Hassanat Aliyu and her daughters deported the day after International Women’s Day and the night before Mother’s Day
‘My children do not know where they are, we can’t stay in Nigeria. Why has the British government treated us like this?’ Hassanat speaking from Nigeria.
Hassanat Aliyu (Home Office Reference Number: A1432864/5) and her daughters Teniola, Adunola and Shaniola were yet more victims of Britain’s racist immigration laws, uprooted from their community and deported on Saturday 9th March, 10.20pm to Nigeria, Lagos, which will undoubtedly cause stress and psychological damage to the family members. Asylum seekers are criminalised, assumed to be liars and held with racist contempt for daring to seek safety and refuge in Britain, often fleeing from countries which have been exploited and plundered by Britain, Nigeria being no exception. Two million barrels of oil a day are now extracted in the Niger Delta but the majority of Nigerians still live in extreme levels of poverty. British company Shell has a major oil contract in Nigeria and has spent £242m in four years to maintain a 1200-strong private militia to protect its parasitic operations. The British government in turn protects this by denying any human rights violations in Nigeria.
The young family had made a life for themselves in Britain. Hassanat fled Nigeria in 2006, because her eldest daughter Teniola, who was barely one year old at the time, was threatened with Female Genital Cutting (FGC). They were both trafficked to Britain and lived in London for four years, later claiming asylum and moving to Byker where the two eldest sisters attended Byker Primary School. Teniola has spent her formative years in Britain and Adunola, five, and Shaniola, three years old, were both born here.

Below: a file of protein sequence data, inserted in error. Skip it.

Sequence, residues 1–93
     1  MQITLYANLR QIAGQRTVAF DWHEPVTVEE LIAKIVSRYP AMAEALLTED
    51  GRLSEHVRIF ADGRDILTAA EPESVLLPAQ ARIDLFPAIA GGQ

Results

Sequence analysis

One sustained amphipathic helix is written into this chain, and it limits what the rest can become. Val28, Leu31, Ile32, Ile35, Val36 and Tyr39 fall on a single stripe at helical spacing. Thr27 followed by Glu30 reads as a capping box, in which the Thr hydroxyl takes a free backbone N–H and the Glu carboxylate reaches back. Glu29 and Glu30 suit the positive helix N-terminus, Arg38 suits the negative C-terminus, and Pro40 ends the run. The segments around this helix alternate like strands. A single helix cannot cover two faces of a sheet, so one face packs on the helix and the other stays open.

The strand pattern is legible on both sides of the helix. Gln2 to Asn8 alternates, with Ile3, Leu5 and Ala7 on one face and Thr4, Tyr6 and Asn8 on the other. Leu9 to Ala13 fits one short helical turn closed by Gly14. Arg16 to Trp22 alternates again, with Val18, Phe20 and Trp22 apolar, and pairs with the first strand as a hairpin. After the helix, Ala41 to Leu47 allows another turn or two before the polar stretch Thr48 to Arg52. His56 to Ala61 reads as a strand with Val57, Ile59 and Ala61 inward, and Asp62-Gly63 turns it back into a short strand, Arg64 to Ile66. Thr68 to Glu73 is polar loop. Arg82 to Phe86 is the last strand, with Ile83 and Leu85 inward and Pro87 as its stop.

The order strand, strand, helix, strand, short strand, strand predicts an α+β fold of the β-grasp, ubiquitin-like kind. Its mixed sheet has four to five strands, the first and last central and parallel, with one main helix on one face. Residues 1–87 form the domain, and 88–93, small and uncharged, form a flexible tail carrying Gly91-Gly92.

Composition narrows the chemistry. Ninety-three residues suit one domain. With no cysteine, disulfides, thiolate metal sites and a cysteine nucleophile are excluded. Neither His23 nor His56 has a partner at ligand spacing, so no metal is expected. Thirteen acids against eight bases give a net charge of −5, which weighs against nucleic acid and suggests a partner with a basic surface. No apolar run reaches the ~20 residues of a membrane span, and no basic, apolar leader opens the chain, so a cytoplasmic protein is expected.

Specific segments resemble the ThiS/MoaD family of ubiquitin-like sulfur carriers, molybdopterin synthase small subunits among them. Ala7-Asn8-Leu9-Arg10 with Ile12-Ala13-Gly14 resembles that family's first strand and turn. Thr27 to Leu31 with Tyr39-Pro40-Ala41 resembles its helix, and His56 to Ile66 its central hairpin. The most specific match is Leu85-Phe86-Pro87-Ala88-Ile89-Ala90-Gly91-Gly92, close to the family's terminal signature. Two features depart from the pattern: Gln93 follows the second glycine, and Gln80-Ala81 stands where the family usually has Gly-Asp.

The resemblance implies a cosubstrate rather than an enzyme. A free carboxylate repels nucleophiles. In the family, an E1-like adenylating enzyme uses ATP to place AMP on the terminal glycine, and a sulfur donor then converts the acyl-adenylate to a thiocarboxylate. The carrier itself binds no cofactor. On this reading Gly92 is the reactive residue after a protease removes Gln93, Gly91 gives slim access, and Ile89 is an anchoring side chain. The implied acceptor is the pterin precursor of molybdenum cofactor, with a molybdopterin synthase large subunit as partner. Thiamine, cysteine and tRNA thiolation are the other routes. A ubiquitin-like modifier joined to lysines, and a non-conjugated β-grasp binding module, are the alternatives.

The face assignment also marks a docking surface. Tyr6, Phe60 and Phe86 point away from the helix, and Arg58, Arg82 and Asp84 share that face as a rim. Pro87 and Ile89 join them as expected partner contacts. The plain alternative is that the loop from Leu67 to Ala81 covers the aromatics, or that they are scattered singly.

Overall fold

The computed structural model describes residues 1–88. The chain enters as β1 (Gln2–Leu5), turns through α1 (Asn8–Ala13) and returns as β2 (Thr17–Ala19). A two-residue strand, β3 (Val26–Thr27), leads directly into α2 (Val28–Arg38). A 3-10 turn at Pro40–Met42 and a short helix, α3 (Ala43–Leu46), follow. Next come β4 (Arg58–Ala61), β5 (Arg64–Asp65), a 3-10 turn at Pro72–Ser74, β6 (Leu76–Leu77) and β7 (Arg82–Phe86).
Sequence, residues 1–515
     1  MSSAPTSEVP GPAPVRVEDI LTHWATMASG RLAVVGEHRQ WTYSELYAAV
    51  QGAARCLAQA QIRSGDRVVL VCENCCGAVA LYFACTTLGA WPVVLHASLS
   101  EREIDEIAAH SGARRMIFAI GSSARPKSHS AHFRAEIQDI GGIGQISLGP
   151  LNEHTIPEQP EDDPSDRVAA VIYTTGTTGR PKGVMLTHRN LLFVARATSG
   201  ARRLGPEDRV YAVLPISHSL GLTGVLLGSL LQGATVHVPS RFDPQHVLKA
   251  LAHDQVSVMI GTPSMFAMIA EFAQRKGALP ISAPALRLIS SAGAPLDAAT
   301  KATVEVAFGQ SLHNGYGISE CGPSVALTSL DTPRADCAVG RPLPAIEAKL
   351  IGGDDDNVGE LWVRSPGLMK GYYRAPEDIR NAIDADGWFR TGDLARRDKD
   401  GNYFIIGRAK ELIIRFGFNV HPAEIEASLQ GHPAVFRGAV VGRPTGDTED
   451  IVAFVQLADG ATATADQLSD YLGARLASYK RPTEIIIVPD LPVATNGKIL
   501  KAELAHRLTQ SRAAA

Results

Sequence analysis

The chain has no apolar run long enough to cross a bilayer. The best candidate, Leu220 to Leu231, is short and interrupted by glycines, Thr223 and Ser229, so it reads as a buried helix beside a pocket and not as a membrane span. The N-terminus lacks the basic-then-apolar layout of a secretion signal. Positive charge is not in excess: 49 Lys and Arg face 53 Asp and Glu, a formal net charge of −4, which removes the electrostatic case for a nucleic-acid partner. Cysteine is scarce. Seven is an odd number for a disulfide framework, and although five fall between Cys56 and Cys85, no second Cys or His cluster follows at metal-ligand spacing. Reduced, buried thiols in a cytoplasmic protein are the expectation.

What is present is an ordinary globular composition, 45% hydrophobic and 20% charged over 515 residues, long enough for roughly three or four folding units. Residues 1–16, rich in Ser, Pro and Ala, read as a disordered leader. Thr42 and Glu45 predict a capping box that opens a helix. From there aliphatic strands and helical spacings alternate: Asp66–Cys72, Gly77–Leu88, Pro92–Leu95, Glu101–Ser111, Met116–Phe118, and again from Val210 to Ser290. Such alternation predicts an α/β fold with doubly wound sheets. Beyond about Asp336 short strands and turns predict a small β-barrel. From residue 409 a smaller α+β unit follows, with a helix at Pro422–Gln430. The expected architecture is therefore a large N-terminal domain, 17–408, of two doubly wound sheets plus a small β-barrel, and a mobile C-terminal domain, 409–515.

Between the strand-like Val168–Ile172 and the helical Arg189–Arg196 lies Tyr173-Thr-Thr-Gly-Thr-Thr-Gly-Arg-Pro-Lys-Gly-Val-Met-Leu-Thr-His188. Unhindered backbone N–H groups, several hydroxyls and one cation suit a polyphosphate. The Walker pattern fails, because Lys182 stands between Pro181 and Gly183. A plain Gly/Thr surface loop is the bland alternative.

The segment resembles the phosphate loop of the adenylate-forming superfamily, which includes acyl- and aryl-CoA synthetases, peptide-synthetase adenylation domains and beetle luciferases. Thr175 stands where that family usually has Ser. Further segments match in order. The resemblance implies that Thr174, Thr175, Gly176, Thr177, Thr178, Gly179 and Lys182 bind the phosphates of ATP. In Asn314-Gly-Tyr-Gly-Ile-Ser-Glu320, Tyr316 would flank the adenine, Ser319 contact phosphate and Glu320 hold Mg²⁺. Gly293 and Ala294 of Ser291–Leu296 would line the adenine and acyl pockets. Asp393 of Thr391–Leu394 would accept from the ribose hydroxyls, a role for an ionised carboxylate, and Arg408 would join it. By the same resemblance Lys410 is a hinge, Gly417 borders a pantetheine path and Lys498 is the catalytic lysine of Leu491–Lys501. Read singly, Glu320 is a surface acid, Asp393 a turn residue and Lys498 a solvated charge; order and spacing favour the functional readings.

The government claims to support victims of trafficking and girls at risk of FGC yet they have directly contradicted this with their actions; they have knowingly put Hassanat and her daughters in danger. The UNHCR (United Nations High Commission for Refugees) and other agencies of the United Nations have stated that refugee and asylum status should be granted to women and girls fleeing their country to escape genital cutting. The British government committed to opt into the EU’s directive on human trafficking in July 2011. The directive is focused on 'prevention and combating trafficking in human beings and protecting its victims'. The government have promised to tackle human trafficking and their commitment to better protect the victims, realising that in many instances those who are exploited never fully recover from their traumatic experience.
UKBA refer to the prison as pre-departure accommodation, however if you do not have the freedom to leave then it is a prison, plain and simple. Nick Clegg announced in 2010 that child detention would be ended by May 2011, promising that the government would end the ‘shameful practice that last year alone saw more than 1,000 children – 1,000 innocent children – imprisoned. Children literally taken from their homes, without warning, and placed behind bars…That practice, the practice we inherited, ends here.’ Last year 226 children were put into detention centres – the barbaric, racist practice continues.